I was not a friend of Dyrick Mcdermott, but I wish I had been. I have a feeling my life would have been that much more richer. Although, if I had been, this weekend would have been even more heart breaking than I already found it.
I met Coach a few months ago when he agreed to let me do a story on his women’s basketball team at MSVU. Not only was he courteous and helpful, he was a great interview. Over the winter he bacame a regular on my CKDU sports show and always gave me great insight and thoughtful opinions.
I found out about Coach’s death on friday just before I went to work that night. Concentrating on my job was very difficult, and as I went from emotion to emotion, thought to thought, I realized how hard his death must be for people who actually called him a coach, friend, father or husband.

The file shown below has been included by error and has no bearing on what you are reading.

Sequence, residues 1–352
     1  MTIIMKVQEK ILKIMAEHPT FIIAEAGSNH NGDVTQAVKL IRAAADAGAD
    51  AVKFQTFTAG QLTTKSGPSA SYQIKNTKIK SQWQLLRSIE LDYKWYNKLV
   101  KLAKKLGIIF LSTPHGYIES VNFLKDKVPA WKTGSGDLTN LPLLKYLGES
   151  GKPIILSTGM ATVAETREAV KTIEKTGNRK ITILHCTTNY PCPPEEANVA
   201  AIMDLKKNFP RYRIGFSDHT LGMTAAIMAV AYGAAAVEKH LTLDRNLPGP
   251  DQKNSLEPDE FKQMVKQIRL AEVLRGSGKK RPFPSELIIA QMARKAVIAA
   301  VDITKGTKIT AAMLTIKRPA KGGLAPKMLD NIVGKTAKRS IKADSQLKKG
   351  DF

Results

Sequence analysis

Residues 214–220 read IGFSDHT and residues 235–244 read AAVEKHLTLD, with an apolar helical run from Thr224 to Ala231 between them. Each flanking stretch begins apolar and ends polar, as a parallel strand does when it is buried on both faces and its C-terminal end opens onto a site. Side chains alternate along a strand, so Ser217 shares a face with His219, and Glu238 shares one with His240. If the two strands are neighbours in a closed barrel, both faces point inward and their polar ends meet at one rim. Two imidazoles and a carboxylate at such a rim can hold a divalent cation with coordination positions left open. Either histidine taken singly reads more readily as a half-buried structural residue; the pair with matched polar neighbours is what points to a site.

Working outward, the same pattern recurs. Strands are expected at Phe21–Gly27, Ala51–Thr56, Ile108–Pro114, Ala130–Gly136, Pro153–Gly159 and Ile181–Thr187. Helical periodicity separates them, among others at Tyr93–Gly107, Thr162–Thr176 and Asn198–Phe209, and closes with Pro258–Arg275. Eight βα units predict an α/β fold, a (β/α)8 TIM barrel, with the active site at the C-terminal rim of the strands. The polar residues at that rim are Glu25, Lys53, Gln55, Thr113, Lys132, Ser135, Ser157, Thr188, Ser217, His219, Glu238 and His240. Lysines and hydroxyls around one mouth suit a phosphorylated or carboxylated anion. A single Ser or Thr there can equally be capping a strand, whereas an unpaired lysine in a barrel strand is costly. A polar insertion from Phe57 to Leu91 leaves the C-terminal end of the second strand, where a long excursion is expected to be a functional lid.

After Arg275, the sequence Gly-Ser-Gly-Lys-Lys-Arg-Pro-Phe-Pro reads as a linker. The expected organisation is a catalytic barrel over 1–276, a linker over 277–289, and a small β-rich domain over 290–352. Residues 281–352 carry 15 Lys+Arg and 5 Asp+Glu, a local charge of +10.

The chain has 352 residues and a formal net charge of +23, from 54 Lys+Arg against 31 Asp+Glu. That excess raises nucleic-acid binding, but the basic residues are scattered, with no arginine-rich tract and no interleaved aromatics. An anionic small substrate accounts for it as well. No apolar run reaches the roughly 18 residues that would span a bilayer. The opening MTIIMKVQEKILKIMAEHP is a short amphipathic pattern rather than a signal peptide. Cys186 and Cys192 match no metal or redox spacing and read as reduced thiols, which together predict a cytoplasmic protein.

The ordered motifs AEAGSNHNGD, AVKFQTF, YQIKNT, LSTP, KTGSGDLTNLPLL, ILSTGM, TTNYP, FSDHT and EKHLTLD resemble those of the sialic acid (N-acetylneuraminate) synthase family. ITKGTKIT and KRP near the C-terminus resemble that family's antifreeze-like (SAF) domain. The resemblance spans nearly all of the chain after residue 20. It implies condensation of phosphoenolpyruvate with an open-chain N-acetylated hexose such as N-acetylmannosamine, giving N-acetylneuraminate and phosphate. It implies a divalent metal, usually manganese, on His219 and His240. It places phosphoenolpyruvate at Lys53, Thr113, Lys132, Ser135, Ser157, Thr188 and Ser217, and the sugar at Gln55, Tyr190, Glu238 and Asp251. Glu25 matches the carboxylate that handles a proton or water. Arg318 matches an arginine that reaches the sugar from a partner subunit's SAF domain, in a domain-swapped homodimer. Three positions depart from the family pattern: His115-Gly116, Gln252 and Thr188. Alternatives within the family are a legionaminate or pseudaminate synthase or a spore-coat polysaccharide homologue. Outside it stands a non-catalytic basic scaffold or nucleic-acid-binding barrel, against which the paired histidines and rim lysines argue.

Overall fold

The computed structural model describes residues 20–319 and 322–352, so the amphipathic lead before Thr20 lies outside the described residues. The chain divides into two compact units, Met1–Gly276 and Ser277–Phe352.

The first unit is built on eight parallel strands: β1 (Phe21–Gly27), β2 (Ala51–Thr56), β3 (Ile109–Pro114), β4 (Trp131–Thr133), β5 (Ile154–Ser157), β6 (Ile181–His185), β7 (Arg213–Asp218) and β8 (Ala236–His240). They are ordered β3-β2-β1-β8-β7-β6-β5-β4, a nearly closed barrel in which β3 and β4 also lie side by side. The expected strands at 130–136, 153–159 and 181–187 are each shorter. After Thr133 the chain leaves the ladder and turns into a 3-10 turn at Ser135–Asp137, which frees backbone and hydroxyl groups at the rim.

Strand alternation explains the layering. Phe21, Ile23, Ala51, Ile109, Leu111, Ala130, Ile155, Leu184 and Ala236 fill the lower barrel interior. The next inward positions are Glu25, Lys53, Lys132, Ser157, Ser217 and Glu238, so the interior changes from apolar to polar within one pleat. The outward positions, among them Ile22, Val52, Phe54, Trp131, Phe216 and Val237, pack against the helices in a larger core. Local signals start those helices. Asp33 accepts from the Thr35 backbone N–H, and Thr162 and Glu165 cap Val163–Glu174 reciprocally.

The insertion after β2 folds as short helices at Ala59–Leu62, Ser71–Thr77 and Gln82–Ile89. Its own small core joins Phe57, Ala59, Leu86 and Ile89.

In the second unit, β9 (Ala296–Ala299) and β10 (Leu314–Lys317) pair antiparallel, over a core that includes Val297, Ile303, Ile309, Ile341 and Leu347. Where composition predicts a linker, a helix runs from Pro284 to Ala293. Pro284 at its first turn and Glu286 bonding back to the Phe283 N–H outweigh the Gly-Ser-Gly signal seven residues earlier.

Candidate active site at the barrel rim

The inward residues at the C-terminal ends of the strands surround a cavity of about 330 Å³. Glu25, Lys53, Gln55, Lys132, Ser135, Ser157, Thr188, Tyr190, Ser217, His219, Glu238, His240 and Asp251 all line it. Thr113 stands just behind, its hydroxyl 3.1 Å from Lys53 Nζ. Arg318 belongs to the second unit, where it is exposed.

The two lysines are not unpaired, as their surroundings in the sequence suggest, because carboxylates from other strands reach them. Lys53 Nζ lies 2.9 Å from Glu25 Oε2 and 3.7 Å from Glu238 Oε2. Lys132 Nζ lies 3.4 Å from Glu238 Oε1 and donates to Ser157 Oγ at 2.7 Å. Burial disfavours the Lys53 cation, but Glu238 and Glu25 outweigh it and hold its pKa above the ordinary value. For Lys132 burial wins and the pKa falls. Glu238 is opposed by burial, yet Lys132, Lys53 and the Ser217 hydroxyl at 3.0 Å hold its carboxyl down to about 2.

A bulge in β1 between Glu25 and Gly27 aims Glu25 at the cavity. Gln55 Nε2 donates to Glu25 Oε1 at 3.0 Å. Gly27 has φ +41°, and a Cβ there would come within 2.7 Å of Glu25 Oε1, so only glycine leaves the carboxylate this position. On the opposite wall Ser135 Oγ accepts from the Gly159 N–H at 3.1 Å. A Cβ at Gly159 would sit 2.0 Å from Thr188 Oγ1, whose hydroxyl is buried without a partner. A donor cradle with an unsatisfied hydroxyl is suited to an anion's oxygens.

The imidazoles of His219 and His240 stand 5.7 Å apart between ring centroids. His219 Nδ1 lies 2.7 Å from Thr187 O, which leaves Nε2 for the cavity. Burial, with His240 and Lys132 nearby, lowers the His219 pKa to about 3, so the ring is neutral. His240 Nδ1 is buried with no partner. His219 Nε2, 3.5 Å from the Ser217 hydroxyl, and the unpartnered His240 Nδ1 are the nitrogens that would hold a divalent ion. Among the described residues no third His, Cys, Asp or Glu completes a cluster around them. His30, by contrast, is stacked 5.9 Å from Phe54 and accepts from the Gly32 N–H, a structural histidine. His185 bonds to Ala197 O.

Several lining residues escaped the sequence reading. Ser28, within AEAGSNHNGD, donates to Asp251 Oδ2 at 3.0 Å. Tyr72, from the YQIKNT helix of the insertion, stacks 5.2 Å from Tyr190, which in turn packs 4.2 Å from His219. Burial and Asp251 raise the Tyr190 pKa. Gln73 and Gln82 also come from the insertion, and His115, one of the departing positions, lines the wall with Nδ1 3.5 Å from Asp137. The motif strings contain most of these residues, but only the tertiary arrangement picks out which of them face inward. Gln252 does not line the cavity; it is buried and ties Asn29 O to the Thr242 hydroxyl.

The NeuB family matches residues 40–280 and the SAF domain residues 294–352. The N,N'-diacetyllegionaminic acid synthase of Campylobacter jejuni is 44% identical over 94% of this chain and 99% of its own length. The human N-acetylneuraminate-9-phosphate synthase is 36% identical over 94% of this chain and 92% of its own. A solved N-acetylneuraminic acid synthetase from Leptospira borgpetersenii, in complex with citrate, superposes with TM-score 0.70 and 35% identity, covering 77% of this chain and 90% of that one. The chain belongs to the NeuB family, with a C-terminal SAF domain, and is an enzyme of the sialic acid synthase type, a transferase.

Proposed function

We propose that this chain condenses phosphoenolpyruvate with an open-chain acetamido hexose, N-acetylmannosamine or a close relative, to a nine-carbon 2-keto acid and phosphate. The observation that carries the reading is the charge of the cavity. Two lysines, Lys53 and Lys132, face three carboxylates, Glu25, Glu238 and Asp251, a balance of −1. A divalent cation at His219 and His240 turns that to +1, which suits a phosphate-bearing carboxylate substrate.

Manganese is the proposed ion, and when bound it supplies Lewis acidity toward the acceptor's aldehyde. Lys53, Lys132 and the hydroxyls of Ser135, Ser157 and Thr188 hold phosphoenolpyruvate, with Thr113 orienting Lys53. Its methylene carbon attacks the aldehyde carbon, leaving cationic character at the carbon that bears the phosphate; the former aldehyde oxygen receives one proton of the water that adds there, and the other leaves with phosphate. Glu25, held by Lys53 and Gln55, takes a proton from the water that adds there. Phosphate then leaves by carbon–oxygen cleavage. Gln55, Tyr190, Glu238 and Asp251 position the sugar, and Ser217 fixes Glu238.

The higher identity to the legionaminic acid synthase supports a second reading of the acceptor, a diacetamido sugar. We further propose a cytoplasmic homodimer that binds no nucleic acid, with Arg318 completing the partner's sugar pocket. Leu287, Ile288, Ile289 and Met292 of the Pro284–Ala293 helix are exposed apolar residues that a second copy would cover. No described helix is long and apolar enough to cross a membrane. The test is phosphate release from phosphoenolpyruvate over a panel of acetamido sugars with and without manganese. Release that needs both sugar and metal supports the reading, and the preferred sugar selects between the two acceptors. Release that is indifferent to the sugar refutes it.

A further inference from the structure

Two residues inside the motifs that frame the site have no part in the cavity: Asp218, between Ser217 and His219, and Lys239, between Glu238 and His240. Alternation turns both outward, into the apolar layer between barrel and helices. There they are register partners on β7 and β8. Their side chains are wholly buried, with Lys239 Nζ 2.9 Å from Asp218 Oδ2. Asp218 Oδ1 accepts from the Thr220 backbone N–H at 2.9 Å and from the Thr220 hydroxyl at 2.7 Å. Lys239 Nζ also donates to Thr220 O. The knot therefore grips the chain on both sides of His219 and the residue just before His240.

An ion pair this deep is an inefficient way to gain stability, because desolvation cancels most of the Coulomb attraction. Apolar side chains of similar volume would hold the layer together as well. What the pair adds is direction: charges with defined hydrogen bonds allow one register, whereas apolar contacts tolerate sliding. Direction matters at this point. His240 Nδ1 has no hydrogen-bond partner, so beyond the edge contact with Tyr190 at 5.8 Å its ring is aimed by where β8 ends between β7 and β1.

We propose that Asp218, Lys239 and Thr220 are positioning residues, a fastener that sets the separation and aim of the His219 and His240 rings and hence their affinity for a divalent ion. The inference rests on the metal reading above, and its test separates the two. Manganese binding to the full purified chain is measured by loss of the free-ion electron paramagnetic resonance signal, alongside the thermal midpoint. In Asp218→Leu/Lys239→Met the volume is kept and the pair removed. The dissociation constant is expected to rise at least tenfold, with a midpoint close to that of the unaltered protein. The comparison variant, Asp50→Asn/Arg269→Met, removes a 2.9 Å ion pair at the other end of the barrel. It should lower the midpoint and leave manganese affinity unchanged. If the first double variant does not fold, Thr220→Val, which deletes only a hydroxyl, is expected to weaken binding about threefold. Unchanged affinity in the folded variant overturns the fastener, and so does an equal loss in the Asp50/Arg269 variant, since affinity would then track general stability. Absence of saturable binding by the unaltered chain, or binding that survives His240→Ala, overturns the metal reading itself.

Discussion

This guy was a great man. A far better man than me, and probably a better man then most of us. His death is tragic and sad, and a lesson for all of us to enjoy every day we have on this planet, and make the most of it. Because at any moment, it could all come to an end.

Jays Perched Atop AL East
If you’re looking at the AL east standings today, you may be tempted to email the site and tell them they are upside down. They don’t. The Jays are in first place, followed by Baltimore.
The Orioles will probably come back to earth as spring turns into summer, but the Jays could be here to stay. They have arguably the best defence in the major leagues and a middle of the pack pitching staff that should get better as the season progresses, led of course by Doc Halladay. But it’s the bats that have been the Jays key to success thus far. Toronto leads the majors in batting average (.296!!), hits (141), rbi’s (80), and runs scored (86). Even Lyle Overbay is hitting the ball. He’s got a .290 average and he hit a walk off home run vs the A’s on saturday.